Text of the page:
are messages that tell the user how
to work with, or complete, the screen displayed.
System messages are of several types, each reflecting a different
purpose. Common message types are:
Status messages. A status message is used for
providing information concerning the progress of a lengthy operation.
Informational messages. Informational messages, also called notification messages, provide
information about the state of the system when it is not immediately obvious to
Warning messages. Warning messages call attention to a situation that
may be undesirable. They are usually identified by an “!” icon to the left of
Critical messages. Critical messages, sometimes called action messages, call attention to
conditions that require a user action before the system can proceed. A message
describing an erroneous situation is usually presented as a critical message.
Question messages. Question messages are another kind of message type
sometimes seen. A question message asks a question and offers a choice of
options for selection. It is designated by a “?” icon preceding the message
Writing Message Box Text
Clearly identify the source of the message.
The name of the object to which it refers.
The name of the application to which it refers.
Do not include an indication of message type.
Use mixed case in the headline style.
Provide a clear and concise description of the
condition causing the message box to be displayed.
Use complete sentences with ending punctuation.
State the problem, its probable cause (if known),
and what the user can
do about it.
Avoid technical jargon and system-oriented
Provide only as much background information as
necessary for the
message to be understood.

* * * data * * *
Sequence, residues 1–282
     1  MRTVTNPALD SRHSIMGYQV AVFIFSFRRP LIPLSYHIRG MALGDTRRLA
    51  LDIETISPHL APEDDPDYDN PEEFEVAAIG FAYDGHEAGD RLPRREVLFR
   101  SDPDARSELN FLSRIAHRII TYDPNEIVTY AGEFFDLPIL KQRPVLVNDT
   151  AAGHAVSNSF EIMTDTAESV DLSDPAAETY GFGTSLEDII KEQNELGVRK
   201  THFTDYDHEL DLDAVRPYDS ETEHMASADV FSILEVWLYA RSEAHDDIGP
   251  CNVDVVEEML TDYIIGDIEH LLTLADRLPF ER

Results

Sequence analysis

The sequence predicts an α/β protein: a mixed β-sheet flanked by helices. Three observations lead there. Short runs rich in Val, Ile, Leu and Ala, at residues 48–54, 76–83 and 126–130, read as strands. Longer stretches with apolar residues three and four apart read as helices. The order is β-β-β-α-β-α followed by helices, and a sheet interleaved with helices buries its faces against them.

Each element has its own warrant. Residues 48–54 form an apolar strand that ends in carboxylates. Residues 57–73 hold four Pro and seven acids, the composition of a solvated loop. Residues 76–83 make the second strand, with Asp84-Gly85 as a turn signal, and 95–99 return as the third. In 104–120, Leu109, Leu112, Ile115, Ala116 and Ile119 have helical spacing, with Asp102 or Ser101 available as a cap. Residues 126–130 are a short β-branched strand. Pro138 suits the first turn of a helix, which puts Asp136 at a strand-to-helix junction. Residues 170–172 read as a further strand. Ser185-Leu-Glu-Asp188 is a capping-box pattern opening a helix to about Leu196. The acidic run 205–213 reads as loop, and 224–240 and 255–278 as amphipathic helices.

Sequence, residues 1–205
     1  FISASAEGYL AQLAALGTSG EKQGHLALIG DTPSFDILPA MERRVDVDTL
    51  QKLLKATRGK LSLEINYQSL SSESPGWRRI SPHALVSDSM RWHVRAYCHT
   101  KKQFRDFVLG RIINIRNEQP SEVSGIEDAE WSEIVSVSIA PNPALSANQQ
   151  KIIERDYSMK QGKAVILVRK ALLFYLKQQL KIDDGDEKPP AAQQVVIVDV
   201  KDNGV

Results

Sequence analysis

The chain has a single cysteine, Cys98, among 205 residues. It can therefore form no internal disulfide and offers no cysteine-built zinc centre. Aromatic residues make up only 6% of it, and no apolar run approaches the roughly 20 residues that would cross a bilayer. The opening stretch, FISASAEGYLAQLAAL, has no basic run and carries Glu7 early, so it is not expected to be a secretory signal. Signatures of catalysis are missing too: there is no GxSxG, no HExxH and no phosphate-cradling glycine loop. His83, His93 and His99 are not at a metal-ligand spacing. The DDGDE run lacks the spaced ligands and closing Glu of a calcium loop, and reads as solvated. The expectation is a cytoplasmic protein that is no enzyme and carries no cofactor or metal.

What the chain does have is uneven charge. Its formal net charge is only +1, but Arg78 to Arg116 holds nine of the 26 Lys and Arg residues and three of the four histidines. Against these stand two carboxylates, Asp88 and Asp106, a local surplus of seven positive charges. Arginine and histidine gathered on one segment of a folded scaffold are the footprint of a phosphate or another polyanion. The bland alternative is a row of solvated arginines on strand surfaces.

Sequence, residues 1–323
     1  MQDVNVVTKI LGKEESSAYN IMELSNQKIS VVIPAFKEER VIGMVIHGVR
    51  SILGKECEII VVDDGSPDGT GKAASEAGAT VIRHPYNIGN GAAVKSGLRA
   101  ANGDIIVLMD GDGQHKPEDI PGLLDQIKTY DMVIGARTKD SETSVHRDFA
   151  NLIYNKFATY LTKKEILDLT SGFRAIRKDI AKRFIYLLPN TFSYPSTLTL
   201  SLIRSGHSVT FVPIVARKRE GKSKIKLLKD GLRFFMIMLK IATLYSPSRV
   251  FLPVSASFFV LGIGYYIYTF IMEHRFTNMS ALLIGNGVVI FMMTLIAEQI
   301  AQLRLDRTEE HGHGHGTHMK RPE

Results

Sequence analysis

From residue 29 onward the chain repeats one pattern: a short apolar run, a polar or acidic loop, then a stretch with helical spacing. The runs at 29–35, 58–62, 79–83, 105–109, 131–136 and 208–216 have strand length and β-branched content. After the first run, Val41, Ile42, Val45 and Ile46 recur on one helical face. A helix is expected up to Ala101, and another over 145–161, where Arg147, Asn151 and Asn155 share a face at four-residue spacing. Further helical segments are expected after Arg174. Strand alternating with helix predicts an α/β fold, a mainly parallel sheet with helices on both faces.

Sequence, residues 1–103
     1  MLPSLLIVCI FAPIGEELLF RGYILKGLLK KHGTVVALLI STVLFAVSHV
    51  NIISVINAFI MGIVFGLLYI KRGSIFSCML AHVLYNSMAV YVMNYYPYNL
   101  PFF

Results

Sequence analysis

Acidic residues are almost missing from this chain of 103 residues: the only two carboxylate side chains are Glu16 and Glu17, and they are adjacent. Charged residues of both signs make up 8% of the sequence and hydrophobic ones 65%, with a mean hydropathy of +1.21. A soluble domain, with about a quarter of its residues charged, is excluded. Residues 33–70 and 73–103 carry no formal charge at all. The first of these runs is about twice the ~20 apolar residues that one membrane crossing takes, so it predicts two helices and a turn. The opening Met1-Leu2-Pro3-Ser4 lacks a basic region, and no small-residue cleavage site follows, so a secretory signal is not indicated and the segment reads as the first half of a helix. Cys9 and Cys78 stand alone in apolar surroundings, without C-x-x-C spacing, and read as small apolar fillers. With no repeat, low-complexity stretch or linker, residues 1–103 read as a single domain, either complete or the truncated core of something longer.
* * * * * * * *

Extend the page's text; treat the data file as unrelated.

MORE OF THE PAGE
Show only one message box about the cause of
condition in a single
Make the solution an option offered in the message.
Avoid multistep solutions.
Use consistent words and phrasing for similar
Use the word “please” conservatively.
Do not exceed two or three lines.
Include the relevant icon identifying the type of
message to the left of the text.
Center the message text in window.
If a message requires no choices to be made but
an OK button.
message requires a choice be made, provide a command button for each
and Cancel buttons only when the user
has the option of continuing or stopping the action.
and No buttons when the user must
decide how to continue.
If these choices are too ambiguous, label the
command buttons with the names of specific actions.
message allows initiation of an action to correct the situation described:
Include a properly labeled button initiating the
message describes an interrupted process whose state cannot be restored:
Provide a Stop
message offers an opportunity to cancel a process as well as to perform or not
perform an action:
Provide a Cancel
If more details about a message topic must be
Provide a Help
Designate the most frequent or least destructive